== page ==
Good Indian teams bounced back from first defeats, now "bouncebackability" is a word used to mock them. With this team you badly hoped, for the sake of a contest, that they didn't lose the first match. In the lead-up to Sydney, no one other than the Indian team spoke of their ability to come back after their first defeat. From the time they were bowled out for 191 on that first day in Sydney, it was clear it would be nothing short of a miracle to avoid a whitewash.
Perth and Adelaide were natural progression. Mentally they were gone. They were in such bad state they couldn't even ignore criticism in the papers: R Ashwin called the media a deterrent and Sehwag asked them to support the side like cheerleaders.
MS Dhoni's captaincy may be open to whatever criticism but his leadership style of letting everyone be so they did their job best had worked until this debacle began. Good leaders, however, change their ways with time. There seems nobody in this team capable of lighting a fire under a few backsides, or of making on-the-spot decisions that match the desperation of the situation.
If Dhoni's erstwhile strength might have become his weakness, we don't even know what Duncan Fletcher's role is, except that no player wants to blame him. He was a control freak when with England, but has no powers here. He loved DRS, but can't say that in his new employment. He is supposed to be good with youngsters, but doesn't seem to be pushing for them here. He used substitutes to rile opposition captains, but is part of a team that calls back technically run-out batsmen. Is he a square peg in a round hole?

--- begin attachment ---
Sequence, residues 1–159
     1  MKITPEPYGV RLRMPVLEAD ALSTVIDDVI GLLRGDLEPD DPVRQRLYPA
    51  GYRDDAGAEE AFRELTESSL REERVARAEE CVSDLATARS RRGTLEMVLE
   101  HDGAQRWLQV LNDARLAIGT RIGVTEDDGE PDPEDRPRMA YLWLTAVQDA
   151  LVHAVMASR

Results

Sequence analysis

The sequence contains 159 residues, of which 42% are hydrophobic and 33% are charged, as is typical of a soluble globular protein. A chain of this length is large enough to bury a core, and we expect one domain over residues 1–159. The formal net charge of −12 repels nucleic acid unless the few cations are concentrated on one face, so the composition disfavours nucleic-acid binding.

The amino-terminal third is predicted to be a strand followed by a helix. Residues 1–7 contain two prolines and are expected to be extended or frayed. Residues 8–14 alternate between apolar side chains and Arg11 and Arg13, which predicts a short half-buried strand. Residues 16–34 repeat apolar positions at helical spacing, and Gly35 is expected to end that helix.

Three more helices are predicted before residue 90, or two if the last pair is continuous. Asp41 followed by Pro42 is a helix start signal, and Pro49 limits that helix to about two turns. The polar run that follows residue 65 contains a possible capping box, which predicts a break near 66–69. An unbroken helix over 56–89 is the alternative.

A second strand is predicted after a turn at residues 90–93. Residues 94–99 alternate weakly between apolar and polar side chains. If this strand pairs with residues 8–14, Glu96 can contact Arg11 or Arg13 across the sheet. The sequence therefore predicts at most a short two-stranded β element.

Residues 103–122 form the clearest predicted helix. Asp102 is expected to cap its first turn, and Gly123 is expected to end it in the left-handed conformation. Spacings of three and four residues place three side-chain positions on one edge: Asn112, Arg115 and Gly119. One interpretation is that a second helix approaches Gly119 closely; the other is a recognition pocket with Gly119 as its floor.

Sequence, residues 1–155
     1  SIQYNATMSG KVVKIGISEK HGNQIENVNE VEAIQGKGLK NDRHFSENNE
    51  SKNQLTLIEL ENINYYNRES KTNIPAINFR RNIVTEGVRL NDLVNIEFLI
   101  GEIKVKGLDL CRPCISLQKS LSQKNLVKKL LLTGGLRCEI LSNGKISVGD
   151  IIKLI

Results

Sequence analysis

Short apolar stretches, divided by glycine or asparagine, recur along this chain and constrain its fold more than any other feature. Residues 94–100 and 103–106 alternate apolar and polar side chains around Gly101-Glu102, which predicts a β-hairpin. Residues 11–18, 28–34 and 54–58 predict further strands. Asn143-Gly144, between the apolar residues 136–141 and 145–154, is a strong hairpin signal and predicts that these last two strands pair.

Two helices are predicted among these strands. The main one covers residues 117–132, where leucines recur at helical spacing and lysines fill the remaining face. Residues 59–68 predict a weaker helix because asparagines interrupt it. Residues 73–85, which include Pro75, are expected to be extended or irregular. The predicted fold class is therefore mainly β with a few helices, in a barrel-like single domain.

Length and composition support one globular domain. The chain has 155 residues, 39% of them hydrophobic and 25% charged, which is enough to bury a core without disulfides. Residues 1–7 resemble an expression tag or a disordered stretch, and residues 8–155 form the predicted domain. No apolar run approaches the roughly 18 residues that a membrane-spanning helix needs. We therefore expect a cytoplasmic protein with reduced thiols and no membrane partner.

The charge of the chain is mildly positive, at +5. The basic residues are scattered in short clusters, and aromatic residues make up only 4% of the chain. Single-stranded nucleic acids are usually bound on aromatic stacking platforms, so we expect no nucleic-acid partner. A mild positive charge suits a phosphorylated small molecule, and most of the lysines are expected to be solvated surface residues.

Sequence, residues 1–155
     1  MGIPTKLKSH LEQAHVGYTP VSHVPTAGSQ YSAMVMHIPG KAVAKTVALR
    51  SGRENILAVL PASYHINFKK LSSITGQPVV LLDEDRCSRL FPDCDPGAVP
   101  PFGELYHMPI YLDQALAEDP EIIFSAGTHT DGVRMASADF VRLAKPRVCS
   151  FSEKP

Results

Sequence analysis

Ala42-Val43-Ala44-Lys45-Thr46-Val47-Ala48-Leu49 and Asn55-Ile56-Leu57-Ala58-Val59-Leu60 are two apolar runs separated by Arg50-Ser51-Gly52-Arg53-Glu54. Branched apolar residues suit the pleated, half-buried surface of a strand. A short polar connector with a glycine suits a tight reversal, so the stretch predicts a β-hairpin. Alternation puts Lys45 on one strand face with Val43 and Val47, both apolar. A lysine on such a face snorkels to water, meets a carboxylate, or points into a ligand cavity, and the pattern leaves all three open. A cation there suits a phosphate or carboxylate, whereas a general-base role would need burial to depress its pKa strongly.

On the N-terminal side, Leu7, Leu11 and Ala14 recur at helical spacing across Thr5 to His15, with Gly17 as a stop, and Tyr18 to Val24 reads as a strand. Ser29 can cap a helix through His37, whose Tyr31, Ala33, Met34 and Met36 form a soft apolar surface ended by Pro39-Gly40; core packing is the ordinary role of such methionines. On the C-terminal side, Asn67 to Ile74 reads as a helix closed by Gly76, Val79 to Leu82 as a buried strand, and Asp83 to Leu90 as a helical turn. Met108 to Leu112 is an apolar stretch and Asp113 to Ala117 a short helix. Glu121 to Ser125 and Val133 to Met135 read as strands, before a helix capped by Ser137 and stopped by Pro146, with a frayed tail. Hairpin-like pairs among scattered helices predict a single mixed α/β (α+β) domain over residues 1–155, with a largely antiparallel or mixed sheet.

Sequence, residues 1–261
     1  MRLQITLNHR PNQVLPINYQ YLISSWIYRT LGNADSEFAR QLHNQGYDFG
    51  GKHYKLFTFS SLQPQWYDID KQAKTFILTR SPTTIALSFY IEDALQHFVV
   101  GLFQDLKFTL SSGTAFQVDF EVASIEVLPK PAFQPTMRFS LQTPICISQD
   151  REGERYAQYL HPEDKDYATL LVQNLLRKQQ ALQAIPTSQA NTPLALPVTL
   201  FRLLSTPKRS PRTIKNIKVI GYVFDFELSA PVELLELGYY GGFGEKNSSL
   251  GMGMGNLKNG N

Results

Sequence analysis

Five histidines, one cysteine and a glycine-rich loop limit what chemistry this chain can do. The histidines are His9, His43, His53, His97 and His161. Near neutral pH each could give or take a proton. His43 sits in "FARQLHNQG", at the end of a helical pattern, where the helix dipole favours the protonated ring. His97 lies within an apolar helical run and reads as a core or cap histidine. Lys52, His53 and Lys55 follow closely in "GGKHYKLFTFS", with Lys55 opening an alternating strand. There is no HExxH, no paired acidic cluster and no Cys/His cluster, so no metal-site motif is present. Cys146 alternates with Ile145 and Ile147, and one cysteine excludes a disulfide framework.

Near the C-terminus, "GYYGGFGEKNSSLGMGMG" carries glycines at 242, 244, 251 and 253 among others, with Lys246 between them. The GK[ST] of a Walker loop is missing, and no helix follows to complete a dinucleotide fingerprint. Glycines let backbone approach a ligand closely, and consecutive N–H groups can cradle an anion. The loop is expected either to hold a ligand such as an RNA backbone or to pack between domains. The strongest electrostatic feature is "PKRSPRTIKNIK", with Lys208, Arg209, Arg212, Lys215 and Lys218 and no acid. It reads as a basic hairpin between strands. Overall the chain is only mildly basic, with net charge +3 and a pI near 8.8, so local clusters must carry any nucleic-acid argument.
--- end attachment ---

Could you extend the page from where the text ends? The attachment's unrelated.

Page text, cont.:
It is believed it is good to hit the rock bottom once in a while so that the only way is up. The problem is, the team and the board react in a manner that suggests they don't believe they have reached there yet. They still boast of home wins. They are complaining of grass on pitches that have actually been pretty fair, and ignoring completely that most of their recent wins away from the subcontinent have come in more-than-friendly bowling conditions. Hopefully they don't actually feel that way, and it is just a "brave face", although it isn't very clever.
Hopefully, at the next year's awards function, the BCCI will acknowledge that apart from hosting IPL and Champions League and putting together a side that won home Tests - the last one is no guarantee - India also lost badly in Australia. Accepting flaws is the first step towards correcting them.
Sidharth Monga is an assistant editor at ESPNcricinfo